Parenthood is rife with fears that someone or something will bring harm to your child. While the fear that a stranger will kidnap their child is prevalent among parents, most instances of child abduction occur in cases involving custody disputes. If one parent unjustly prevents the other parent of a child from seeing the child despite a custody order requiring them to do so, and will not provide the other parent with information regarding the child’s whereabouts, it is considered a parental child abduction.
Keep identifying information like your co-parent’s license plate number or even a copy of their passport on file.
An important step in preventing your child from being abducted is to teach him or her your home address, full name, and telephone number. If possible, it is helpful to provide the child with a phone or if the child is very young, ensure he or she knows how to use a phone, and to call you if he or she feels unsafe, or his or her other parent is acting strangely. It can also be helpful to have information about your co-parent, including his or her address, the make, model, and license plate number of his or her car, and contact information for his or her relatives if you are concerned about a possibility of abduction.
The first thing you should do if your child has been abducted by your co-parent is contact the police. They may be able to determine the location of your child, facilitate the safe return of your child, and take your co-parent into custody. If there is a custody order or agreement in place, your co-parent has undoubtedly violated the terms of custody by abducting your child. As such you can petition the court to hold your co-parent in contempt and seek to modify the custody arrangement. If a custody action has not yet been filed, it would likely be best to file an action to establish custody of the child. The court will always act in the best interest of the child, and depending on the severity of the circumstances, the court may drastically limit or even terminate your co-parent’s right to custody.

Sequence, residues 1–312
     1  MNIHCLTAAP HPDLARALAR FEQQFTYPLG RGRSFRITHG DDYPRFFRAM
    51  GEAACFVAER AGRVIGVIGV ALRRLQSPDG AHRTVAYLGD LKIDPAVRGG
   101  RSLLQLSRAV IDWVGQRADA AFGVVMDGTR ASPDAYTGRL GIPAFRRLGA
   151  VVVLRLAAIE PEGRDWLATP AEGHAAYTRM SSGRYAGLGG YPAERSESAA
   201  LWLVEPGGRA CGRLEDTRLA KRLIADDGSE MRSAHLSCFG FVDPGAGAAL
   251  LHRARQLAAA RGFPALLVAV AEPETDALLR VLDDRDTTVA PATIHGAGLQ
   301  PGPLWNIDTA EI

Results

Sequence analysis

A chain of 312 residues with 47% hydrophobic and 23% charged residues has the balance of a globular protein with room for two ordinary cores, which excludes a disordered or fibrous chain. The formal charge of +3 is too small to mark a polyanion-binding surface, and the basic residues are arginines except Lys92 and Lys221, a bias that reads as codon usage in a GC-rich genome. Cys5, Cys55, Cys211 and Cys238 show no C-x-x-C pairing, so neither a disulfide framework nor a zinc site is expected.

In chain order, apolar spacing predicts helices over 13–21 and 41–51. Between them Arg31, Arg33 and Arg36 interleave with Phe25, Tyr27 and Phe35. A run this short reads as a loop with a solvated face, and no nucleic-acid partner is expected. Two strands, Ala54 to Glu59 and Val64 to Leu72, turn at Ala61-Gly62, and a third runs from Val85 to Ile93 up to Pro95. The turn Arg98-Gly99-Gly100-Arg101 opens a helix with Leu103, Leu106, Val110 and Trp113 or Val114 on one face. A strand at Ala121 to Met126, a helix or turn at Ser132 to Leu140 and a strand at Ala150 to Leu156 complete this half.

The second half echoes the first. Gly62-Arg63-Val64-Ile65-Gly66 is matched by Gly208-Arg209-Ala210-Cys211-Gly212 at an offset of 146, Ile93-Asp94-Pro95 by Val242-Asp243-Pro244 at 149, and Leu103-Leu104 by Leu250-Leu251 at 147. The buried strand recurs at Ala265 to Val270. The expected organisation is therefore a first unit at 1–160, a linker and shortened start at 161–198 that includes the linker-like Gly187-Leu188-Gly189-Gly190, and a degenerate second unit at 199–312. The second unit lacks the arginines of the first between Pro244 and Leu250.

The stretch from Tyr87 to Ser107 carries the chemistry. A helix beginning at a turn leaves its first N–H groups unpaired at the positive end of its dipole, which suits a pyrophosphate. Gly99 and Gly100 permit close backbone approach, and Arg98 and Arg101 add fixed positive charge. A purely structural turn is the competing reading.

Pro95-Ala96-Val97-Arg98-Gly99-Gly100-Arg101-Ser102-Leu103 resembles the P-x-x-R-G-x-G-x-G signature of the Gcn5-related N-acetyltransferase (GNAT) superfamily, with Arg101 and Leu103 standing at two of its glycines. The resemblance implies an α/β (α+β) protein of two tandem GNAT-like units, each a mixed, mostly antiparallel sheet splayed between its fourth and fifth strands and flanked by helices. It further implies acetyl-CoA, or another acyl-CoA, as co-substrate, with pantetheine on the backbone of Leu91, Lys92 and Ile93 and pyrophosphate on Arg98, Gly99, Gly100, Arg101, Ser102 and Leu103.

Recovering a Child That Has Been Abducted to Another State
If your child has been abducted to another state, you may need to petition the court in that state for the return of your child. The Uniform Child Custody Jurisdiction and Enforcement Act (UCCJEA), which has been accepted in all states except Massachusetts, and the Parental Kidnapping Prevention Act (PKPA), which is a federal law, require states to recognize and enforce custody orders from other states. As such, if a custody order is in place in your home state, a court in the state your child has been taken to can issue an order directing your co-parent to return your child.
Recovering a Child That Has Been Abducted to Another Country
If your co-parent has abducted your child to another country, your ability to force your co-parent to return to the United States largely depends on whether the other country is a signatory to the Hague Convention, which is an international treaty that provides that children abducted from their home country should be returned. A parent seeking the return of his or her child via the Hague Convention must file a petition requesting a hearing to determine whether the child was wrongfully removed from his or her home country. If the court in the foreign country determines the child was wrongfully abducted, it will order the child to be returned to his or her home country within six weeks.
A case may be classified as an abduction if a child was kept in a foreign country past the parents’ agreed-upon return date.